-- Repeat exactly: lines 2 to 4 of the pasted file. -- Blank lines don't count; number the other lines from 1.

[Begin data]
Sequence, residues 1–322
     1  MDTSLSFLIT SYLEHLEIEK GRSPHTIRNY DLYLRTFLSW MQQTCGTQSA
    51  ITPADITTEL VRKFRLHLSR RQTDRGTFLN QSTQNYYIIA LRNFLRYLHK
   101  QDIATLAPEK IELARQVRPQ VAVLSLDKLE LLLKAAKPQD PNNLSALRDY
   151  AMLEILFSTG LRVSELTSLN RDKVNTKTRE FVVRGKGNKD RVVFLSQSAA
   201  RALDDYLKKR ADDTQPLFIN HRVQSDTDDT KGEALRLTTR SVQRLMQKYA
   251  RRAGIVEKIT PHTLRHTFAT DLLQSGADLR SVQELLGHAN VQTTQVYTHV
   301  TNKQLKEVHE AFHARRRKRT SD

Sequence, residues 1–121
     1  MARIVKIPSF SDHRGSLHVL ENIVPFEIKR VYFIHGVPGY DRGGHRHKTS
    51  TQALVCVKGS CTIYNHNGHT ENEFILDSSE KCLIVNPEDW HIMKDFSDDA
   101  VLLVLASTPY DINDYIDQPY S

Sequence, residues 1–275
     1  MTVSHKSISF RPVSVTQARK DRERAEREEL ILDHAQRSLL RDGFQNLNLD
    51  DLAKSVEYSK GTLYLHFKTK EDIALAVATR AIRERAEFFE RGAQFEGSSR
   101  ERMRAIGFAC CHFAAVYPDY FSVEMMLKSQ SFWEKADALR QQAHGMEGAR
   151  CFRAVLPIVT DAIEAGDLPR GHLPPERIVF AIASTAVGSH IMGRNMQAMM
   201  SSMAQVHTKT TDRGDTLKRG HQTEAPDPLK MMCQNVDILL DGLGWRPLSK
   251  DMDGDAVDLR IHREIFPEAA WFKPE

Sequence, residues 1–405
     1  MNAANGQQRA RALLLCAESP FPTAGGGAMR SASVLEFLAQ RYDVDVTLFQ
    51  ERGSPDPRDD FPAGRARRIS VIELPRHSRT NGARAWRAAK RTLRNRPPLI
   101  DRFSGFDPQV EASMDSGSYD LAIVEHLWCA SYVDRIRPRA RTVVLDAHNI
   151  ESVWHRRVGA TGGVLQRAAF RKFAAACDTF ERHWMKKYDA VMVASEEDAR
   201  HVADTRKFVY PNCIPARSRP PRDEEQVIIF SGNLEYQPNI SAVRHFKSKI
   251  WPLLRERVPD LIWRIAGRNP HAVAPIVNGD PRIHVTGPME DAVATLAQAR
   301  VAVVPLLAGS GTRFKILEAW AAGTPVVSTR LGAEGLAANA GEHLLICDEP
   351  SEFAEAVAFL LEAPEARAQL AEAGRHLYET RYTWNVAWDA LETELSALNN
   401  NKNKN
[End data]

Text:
     1  MDTSLSFLIT SYLEHLEIEK GRSPHTIRNY DLYLRTFLSW MQQTCGTQSA
    51  ITPADITTEL VRKFRLHLSR RQTDRGTFLN QSTQNYYIIA LRNFLRYLHK
   101  QDIATLAPEK IELARQVRPQ VAVLSLDKLE LLLKAAKPQD PNNLSALRDY